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A Collection of Songs Written and Recorded 1995-1997

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Album Review

In 1995, at the age of 15, Conor Oberst left the Omaha, NE, group Commander Venus and began working on the material for his solo project, Bright Eyes. A Collection of Songs gathers the results: 20 compositions recorded during the singer's mid- to late teens. Even at a young age, it's clear that Oberst is an extremely talented songwriter, seemingly incapable of penning a bad tune (except in the odd case when you sense he didn't try). Despite his obvious gifts, however, there are plenty of sour moments throughout A Collection, but they are almost always the result of the singer's delivery, rather than an inherent fault of the song. Oberst walks a fine line and occasionally his tendency toward unrelenting honesty chases him over the edge. His tone turns bitter and you sense that he can't stand to bare his soul without couching the sentiments in a combination of anger, sarcasm, and parody. On songs like "Patient Hope in New Snow," "Saturday as Usual," and "The Awful Sweetness of Escaping Sweat," the songs disintegrate as his vocals are reduced to the unintelligible babbling of a child. Any balance the music maintained up to that point, however fragile, is lost and so, more than likely, is the listener. Exercising more restraint, Oberst reveals a unique songwriting voice. On "Exaltation on a Cool Kitchen Floor," the results are truly touching as he whispers, "I can't help noticing that she is sitting closer to me than she ever has before" — lines that manage to capture the deep emotional ache called love. On "How Many Lights Do You See?," he expands the simple subject matter, exploring it with a near-cinematic perspective. Elsewhere (on the collection's best material), he is found teetering on the edge. Barely able to contain the welling emotions, a quiver rises in his voice. In such cases, you'd be hard-pressed to deny the truth of the sentiments Oberst is delivering.

Customer Reviews

A Misunderstood Masterpiece

This album captures the sense of raw youthful angst that was the foundation of Bright Eyes, and while it doesn't have the polished studio sound of his later work, it represents everything that Conor's music is; dark, powerful, and lyrically stunning. Songs like "Emily, Sing Something Sweet" and "The Awful Sweetness of Escaping Sweat" more than rival the slick and overplayed "First Day of My Life." It's not an album you can judge in retrospect because his sound has changed so dramatically, but this album is essential to understanding and respecting his later and more easily accessible sound.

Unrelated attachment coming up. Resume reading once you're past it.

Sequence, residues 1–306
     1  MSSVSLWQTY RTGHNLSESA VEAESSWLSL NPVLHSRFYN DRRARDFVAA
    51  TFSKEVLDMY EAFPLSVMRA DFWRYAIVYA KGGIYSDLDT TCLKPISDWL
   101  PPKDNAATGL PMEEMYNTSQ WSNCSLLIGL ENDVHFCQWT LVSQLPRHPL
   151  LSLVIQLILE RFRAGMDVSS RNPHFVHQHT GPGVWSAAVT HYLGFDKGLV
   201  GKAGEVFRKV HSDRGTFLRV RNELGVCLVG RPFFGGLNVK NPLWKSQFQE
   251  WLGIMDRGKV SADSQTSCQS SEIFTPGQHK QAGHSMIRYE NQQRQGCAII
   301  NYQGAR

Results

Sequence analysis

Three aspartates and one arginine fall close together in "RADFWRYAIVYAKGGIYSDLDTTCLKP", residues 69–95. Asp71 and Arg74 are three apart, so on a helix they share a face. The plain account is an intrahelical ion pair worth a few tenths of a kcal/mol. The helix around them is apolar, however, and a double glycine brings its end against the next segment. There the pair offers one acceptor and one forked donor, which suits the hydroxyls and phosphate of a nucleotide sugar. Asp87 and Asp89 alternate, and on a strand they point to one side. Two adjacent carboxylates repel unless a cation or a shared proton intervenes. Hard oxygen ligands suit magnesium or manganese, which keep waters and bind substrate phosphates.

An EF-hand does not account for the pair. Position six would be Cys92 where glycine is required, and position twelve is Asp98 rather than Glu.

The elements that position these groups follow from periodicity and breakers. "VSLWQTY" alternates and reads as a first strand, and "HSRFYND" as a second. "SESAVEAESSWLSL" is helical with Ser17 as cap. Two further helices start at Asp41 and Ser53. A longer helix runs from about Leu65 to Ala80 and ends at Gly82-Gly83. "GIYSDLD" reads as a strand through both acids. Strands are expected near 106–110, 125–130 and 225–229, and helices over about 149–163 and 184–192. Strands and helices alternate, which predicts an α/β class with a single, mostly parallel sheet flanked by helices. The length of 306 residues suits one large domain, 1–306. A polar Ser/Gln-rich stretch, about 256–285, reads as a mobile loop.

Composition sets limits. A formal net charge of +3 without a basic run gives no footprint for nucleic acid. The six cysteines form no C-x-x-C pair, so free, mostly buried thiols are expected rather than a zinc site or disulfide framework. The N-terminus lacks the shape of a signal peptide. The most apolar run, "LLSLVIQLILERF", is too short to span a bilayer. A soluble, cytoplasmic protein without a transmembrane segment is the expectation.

Boy Genious?

I'm tired of people saying Conor Oberst whines a lot. There's a lot to whine about. At least someone's doing their job. This is a good record, but I'd recommend Lifted or Fevers and Mirrors if this is your first record. Oberst was very talented as a teen and I'm going to be honest and tell you that I couldn't have written songs this well in my earlier years.

Amazing album from a very young genius

I was reluctant to buy this album, since it was done when Conor Oberst was very young, and I thought it must be barely tolerable. But I want to own everything he's done, so I bought it, and to my amazement, it's now one of my favorites. Polished it's not, and immature it is, but I'd rather listen to immature true talent than polished mediocrity. There are a surprising number of songs here that are as haunting as his later work. I highly recommend this album if you like Bright Eyes.


Formed: 1995 in Omaha, NE

Genre: Alternative

Years Active: '90s, '00s, '10s

Although many musicians have joined the band's rotating lineup, Bright Eyes is primarily the songwriting vehicle of Conor Oberst, a quivery-voiced Nebraska native who first attracted attention in 1994 -- when he was only 14 years old -- as the singer and guitarist for Commander Venus. Oberst proved to be a prolific musician, joining multiple bands (including Commander Venus, the Magentas, Park Ave., and Desaparecidos) while also co-founding Saddle Creek, an influential label that helped broadcast...
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